Beck’s latest release is a pigment of his own imagination. Colors is a true Beck blend, pulling inspiration from, well, the whole damn color wheel. But what makes this shade of alternative rock stand out from the rest?
Beck’s career has been far from linear. Breaking out in the mid-1990s with angsty indie-folk hits such as “Loser” and the ever-charming “MTV Makes Me Want to Smoke Crack,” he ran with whatever musical idea he had. With the release of Modern Guilt in 2008, followed by Morning Phase in 2014, he began to tailor his sound into a more alternative realm, while still drawing from other genres like funk, R&B, and most importantly, pop music. With the high praise and success that Morning Phase brought him, Beck spent the last three years touring and writing his next musical work, releasing teaser tracks to his audience along the way. The album that would follow was highly anticipated, as fans were curious as to what this jack of all trades artist would do next. Thus, Colors was born.
Colors is definitively Beck’s most pop-driven album to date, which forces yet another harsh but somewhat anticipated left turn in his discography. This album presents itself conceptually as catchy and artful – witnessing Beck the performer play this collection of songs live would certainly make for a grand ol’ time. However, with all of the color oozing out of this album, what seems to unfortunately get lost in the mix is Beck the songwriter.
The album opens with the title track, “Colors.” With its artsy lines and jovial melodies, it gives a solid glimpse into what the record will bring. Beck seasons the other tracks with his signature blend of impromptu raps and happy-go-lucky pop rhymes – I couldn’t help but giggle a bit hearing the line, “And if I breathe now, I could scream now/you can hear me from Topeka to Belize now” on the album’s third track, “I’m So Free.”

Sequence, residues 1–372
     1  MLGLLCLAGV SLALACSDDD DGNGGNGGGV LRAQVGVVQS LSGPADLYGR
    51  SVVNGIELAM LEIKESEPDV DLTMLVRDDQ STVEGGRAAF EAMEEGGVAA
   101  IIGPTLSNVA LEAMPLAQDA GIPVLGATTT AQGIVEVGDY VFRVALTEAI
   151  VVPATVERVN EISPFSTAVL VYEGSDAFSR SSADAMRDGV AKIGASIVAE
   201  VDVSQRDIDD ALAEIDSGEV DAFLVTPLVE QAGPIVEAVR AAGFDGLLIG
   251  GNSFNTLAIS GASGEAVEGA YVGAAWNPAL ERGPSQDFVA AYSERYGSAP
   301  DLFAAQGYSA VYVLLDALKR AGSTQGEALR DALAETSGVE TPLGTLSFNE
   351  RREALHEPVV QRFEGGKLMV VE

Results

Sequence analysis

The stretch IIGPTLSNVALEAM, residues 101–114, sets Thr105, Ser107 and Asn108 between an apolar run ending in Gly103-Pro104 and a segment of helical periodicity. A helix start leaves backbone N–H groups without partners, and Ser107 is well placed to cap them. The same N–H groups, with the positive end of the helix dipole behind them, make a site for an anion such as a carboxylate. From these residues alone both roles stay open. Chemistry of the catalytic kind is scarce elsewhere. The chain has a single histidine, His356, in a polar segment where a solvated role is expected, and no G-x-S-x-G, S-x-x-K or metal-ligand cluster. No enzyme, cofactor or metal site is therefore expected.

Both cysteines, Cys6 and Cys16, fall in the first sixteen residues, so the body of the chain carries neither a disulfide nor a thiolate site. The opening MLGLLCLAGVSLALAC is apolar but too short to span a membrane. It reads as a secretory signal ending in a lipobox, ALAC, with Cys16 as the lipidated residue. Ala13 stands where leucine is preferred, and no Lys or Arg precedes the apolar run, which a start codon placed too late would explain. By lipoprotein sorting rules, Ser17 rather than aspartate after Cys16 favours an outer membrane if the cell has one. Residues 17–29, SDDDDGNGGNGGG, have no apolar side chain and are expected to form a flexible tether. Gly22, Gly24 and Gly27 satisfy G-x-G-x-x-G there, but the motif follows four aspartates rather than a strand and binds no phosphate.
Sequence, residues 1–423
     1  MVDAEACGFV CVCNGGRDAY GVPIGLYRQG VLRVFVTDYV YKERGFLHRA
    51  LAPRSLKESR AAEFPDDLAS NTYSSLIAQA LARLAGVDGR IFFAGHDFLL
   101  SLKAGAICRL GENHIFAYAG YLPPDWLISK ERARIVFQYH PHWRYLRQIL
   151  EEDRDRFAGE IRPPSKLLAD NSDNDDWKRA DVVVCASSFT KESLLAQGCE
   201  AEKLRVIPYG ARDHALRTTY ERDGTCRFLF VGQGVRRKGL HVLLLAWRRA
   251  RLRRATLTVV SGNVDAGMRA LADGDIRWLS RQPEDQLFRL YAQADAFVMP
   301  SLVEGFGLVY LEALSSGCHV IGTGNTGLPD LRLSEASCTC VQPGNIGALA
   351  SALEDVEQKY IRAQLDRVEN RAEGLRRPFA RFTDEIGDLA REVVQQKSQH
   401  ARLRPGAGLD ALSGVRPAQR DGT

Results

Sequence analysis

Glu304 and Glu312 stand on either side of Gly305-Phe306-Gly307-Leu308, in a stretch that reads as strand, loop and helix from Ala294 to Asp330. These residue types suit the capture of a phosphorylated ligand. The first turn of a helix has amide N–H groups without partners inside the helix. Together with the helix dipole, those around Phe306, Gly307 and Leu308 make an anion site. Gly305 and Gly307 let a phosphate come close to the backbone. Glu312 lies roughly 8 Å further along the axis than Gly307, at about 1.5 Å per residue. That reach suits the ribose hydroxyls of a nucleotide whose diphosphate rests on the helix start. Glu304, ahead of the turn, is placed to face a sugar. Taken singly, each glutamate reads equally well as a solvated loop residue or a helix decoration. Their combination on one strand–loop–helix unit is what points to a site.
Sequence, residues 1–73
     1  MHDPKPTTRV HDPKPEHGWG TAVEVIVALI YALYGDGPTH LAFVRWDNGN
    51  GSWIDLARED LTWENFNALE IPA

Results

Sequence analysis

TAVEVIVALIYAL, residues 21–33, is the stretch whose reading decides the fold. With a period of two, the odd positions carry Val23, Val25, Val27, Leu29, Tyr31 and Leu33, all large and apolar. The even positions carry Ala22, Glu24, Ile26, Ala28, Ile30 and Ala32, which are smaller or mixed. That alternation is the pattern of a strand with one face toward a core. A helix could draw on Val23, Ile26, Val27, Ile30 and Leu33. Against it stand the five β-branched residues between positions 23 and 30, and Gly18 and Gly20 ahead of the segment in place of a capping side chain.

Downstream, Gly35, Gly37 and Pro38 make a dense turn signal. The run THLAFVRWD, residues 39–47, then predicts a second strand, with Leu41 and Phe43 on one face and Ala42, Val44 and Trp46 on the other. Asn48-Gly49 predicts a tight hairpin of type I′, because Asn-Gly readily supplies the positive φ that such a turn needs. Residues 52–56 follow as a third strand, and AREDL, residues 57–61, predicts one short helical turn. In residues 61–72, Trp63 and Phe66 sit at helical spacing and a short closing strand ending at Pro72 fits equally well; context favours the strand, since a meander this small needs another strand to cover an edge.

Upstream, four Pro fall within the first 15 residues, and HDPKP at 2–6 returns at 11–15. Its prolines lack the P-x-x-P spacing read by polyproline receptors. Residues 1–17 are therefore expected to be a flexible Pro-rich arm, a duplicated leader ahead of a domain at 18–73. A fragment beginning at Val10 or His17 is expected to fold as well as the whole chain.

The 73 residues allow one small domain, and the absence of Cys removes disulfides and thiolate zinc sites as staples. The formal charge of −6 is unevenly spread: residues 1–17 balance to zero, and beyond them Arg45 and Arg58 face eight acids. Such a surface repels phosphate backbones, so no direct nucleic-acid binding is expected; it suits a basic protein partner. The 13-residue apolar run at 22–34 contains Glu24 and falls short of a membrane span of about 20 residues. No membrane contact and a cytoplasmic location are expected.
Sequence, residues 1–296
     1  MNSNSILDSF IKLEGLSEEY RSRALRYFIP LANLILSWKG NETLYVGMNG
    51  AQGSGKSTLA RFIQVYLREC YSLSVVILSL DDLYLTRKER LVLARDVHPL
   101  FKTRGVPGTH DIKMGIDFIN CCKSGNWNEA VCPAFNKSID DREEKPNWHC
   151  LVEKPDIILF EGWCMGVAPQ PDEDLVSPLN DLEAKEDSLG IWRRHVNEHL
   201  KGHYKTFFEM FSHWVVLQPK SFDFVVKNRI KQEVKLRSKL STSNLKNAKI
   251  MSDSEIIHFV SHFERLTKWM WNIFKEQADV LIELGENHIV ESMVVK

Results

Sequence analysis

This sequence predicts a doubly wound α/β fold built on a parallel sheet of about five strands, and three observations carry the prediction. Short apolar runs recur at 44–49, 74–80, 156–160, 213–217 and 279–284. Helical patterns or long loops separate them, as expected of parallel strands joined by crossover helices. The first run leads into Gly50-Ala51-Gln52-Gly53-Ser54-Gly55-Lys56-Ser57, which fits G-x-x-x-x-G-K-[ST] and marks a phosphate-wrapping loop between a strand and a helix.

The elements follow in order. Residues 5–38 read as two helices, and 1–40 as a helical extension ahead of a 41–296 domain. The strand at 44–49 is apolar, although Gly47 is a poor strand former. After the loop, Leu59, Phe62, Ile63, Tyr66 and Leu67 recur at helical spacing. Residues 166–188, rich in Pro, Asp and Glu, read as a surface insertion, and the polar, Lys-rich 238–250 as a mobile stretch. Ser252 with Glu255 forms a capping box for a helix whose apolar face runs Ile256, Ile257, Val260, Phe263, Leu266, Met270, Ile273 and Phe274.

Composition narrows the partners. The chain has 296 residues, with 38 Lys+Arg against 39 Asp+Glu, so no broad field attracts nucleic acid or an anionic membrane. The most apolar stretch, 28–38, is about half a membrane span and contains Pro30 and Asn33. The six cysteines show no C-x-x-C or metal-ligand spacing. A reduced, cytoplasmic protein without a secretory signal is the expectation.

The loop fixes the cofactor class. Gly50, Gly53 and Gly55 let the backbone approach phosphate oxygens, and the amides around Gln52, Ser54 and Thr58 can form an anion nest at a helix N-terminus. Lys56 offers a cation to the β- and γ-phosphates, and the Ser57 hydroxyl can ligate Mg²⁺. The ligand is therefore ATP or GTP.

“Dear Life” brings a pop-psychedelic twist, driven by its somber lyrics and juxtaposing cheerful melody. The record’s closer is titled “Fix Me,” and has a more poignant, sad tone brewing beneath its pop-powered surface. The verse howls, “The ground is hollow/Dark skies follow/And you don’t know where you’ve gone/Branches on the trees have arms/The moon is a false alarm.” Even though the tone of this track doesn’t exactly line up with the rest of the album, it gives a thought-provoking and powerful wrap up to Beck’s 13th studio album release to date.
Beck had his own intriguing and profound two-cents to share on the album’s sound in a recent interview with iHeartRadio.
“It’s hard to say too much about what this record, Colors, sounds like, because it’ll sound a little different to everybody,” he explained. “But I think you could agree that it has a certain energy; it has a certain sound…something celebratory maybe.”
Beck also made it a point to touch upon the album’s back and forth subject matter. Going from upbeat dance grooves to down-and-out lyrics, Colors by the end comes off slightly like an unexpected emotionally charged rollercoaster.
“Maybe you’ve been through things, maybe you’ve had experiences, maybe there’s been loss, struggle, and there’s always that point where things are coming around,” he said. “Or even if they’re not coming around, even if there still is struggle, that you can look around and have this appreciation again for what is around you, the things you do have. I think of these songs as an affirmation.”
Despite this record’s mixed (but generally positive) reviews from various music critics, there is certainly something to be said for the longevity and impressiveness of Beck’s career as a musician and visual artist. With numerous Grammys and MTV Moonmen under his belt, Beck has made an indelible mark on the music industry. His work touches upon numerous genres, and his discography spans over the last three decades. In an interview with NME, Beck reflected on his unconventional path in the music industry thus far.
“When you make music for a lot of years, there’s sort of an expectation that you’re going to go away,” he shared candidly. “Maybe it’s a common thing for musicians – at some point you wonder, do you get out of the way? When’s the point when somebody taps you on the shoulder and goes, ‘It’s time to go home’?”
For Beck, it’s not time to go home anytime soon.